Staff Book Reviewer Spencer Dew is the author of the novel Here Is How It Happens (Ampersand Books, 2013), the short story collection Songs of Insurgency (Vagabond Press, 2008), the chapbook Mont-Saint-Michel and Chartres (Another New Calligraphy, 2010), and the critical study Learning for Revolution: The Work of Kathy Acker (San Diego State University Press, 2011). His Web site is spencerdew.com.
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The five “sequences” of pieces collected here chronicle different modes of futility, beginning with a dead man who dies over and over, a couple trapped in their coupledom, unnamed interlocutors debating with each other, and a man named Clarence pondering imponderables and talking around the inexpressible. Clarence’s case is characteristic of the whole, highlighting the absurdity of language itself, the ways in which we are constrained by it. For instance, Clarence ponders “an object without a name. The object, whatever it was, could not be described, as all of its properties and qualities were utterly inexpressible in terms of any known language.” Coupled with this falling-short of language, however, is language’s overabundance, its effervescence. Words might not work for precisely what we want, but they are always working, regardless. Thus, “Clarence was trying to find the right word, the mot juste, to complete the thought he was thinking. He tried all sorts of words, but none of them was any good. ‘Goose’ didn’t do the trick, nor did ‘walking’ nor ‘handkerchief.’ For one thing, the word he needed was more along the lines of a concept. Like ‘freedom,’ but not quite. And not ‘envy’ and not ‘cowardice’ and not ‘time.’”
Words get twisted, punned on, inverted. A motel advertising erotic movies offers only a documentary called “Strep Throat.” Being “enslaved,” by the end of one conversation, “in a fair and equitable manner” is “no worse than being free”—and presumably no better. A dead man carries doornails into a nail salon, and is pleased to be taken for “a dead ringer.” This “Mr. Deadman,” for whom the world has ended and ended again—“the greatest death of them all” may be the meticulously prepared death by barbecue—is the cheeriest character in this book. The others are more constrained by the threat of annihilation—recurring tripe has to do with Jehovah’s Witnesses, and the idea that they “Tell you the world’s going to end in a soothing, maternal voice”—or merely constrained by the annihilating conditions of their own existence, a claustrophobia of words. The members of a couple “each placed an ad in the personals for a third party to join them. They were disappointed when they showed up to answer each other’s ad.” The standard clichés of love, pushed along their own logical trajectory, become sterile, repressive, cold: “She was a constant. I used her to gauge reality. The world existed for me in relation to her. For instance, I used her as a standard for temperature. For the sake of convenience, I called her body temperature zero. For us to be comfortable, room temperature had to be considerably below zero. And when she had a fever it had to be even colder.” Such coldness predominates here, a quiet terror just beyond the babble of words. “My ruminations have become predicable,” one voice laments, but, worse, the narrator here has become nothing more than these ruminations. The limits of language are the limits of the world in this volume, the puns merely looping back to language, the undermining of differences in signification collapsing us back to language, raw language, and, finally, the overwhelming sense of language’s futility leaving us with, literally, no-thing, no sense of self or consciousness outside the self-devouring or Sisyphusian or otherwise hellishly entrapping “ruminations” offered here.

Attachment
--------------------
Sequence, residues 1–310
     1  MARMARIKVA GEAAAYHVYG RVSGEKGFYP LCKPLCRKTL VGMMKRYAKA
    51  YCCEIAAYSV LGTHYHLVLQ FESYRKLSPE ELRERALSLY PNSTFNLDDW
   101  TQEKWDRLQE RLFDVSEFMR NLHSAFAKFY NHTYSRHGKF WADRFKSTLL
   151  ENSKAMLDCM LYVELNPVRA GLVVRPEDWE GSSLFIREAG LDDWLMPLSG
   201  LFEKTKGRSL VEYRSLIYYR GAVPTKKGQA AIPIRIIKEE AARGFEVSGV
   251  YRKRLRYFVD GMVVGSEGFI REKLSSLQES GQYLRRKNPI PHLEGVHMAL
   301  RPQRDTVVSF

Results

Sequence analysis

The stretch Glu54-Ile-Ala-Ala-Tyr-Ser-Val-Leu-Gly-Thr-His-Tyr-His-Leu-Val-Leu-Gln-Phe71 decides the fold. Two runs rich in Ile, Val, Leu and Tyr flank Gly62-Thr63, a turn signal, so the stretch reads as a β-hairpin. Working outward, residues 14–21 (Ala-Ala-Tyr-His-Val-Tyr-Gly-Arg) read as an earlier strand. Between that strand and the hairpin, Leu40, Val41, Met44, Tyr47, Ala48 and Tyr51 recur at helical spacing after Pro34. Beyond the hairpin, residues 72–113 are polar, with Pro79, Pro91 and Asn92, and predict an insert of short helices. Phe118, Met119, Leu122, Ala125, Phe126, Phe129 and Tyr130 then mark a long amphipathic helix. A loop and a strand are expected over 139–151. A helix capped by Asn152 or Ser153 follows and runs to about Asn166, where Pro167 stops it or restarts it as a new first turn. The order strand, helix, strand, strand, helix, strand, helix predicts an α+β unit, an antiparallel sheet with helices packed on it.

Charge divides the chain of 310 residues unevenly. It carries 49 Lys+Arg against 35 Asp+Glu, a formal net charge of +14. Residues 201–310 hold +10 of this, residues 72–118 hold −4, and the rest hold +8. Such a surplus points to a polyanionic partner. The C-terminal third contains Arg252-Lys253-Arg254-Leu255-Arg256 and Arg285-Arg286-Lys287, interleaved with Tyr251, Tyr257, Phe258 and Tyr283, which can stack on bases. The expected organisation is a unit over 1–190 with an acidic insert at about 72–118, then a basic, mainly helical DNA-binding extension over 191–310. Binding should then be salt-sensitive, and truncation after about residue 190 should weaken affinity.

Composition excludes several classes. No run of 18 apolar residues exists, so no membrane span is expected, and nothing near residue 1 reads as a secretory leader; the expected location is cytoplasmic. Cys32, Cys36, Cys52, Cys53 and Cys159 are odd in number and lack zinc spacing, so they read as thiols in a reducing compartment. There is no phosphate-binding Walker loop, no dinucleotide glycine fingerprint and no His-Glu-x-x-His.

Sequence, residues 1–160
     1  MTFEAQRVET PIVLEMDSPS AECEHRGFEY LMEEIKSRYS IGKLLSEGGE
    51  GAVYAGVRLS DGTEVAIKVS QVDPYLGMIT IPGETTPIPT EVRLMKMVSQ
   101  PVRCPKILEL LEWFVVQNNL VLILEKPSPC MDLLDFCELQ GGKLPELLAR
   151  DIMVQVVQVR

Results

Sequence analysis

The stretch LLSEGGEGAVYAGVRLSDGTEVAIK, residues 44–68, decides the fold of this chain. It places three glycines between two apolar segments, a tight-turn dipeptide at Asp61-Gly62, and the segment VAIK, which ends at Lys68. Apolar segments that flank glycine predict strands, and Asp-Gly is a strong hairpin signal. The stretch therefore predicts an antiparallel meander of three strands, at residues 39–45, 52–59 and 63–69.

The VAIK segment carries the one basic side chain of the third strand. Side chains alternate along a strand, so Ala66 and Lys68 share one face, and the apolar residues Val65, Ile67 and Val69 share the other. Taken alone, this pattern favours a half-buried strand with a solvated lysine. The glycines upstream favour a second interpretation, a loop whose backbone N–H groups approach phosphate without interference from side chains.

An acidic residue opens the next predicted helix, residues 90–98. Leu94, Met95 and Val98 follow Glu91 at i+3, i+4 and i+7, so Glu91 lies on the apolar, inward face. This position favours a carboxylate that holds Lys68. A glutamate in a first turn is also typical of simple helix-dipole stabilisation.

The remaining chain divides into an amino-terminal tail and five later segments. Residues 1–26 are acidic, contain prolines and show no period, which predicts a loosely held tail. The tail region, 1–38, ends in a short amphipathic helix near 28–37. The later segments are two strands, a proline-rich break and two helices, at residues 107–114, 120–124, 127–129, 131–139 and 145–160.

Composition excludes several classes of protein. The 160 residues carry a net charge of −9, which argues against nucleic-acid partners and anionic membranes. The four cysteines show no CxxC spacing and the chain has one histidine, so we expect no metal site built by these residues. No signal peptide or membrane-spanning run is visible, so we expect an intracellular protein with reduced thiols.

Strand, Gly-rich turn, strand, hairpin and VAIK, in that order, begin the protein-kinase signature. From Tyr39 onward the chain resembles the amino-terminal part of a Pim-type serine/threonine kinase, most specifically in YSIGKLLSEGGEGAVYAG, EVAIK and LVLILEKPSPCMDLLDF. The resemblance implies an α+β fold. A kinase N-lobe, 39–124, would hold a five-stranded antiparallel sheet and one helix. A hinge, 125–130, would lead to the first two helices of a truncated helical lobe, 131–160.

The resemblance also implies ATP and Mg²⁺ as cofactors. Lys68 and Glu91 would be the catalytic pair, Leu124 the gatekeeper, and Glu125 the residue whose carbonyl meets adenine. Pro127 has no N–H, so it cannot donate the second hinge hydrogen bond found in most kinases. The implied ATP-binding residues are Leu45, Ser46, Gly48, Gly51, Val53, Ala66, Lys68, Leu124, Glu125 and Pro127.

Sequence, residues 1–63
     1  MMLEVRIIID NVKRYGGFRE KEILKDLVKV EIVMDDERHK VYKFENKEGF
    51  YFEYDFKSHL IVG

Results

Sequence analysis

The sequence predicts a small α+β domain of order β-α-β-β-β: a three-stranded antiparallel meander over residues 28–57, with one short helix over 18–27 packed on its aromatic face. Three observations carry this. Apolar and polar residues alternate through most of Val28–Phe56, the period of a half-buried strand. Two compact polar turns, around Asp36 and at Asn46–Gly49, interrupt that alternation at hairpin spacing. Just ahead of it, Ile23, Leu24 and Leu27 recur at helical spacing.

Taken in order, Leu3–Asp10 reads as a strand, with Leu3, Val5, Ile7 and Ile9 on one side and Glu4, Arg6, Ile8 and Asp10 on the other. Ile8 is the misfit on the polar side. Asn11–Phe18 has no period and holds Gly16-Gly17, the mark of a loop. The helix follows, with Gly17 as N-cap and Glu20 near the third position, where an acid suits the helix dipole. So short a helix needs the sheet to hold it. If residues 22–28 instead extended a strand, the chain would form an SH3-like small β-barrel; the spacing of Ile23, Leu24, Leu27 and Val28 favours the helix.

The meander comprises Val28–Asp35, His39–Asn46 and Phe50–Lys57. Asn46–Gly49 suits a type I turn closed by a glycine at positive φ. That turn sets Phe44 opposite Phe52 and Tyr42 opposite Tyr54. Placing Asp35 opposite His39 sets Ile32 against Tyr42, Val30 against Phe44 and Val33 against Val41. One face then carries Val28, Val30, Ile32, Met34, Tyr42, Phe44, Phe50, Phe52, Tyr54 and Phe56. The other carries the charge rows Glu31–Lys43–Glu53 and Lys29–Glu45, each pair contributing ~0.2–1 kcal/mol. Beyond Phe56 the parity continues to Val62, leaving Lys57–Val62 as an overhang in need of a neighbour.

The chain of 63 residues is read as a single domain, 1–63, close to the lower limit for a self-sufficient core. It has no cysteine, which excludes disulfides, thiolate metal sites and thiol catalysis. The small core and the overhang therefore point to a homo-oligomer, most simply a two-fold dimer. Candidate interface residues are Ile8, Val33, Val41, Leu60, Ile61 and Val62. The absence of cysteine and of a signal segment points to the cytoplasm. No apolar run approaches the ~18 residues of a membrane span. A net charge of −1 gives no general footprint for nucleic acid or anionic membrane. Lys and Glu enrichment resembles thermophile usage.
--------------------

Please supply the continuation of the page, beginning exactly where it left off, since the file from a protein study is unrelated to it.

It is not an uninteresting exercise, these sequences, nor is it without wit—though most of the puns will elicit groans—but in the end the book is as unsatisfying as what it describes. It’s like a conversation, featured herein, about clam chowders, the differences elided, such that “Manhattan” or “New England” no longer matters, only “our areas of agreement” the bland “clams and potatoes.” No spice, no cream, just words signifying themselves. To cite a story from the page following the chowder debate, much of this book is devoted to showing how when a person says “Never a dull moment” they don’t necessarily mean anything other than, “I don’t know, really. I suppose I was bored.” While boredom has become something of a fashionable subject for self-reflexive writers, an arena for exploring our relation to language and language’s relation to our world, I doubt anyone will want to reread this collection. That would, I imagine, feel futile, cold, a means merely of annihilating time, lost in babble.
Official Peter Cherches Web Site
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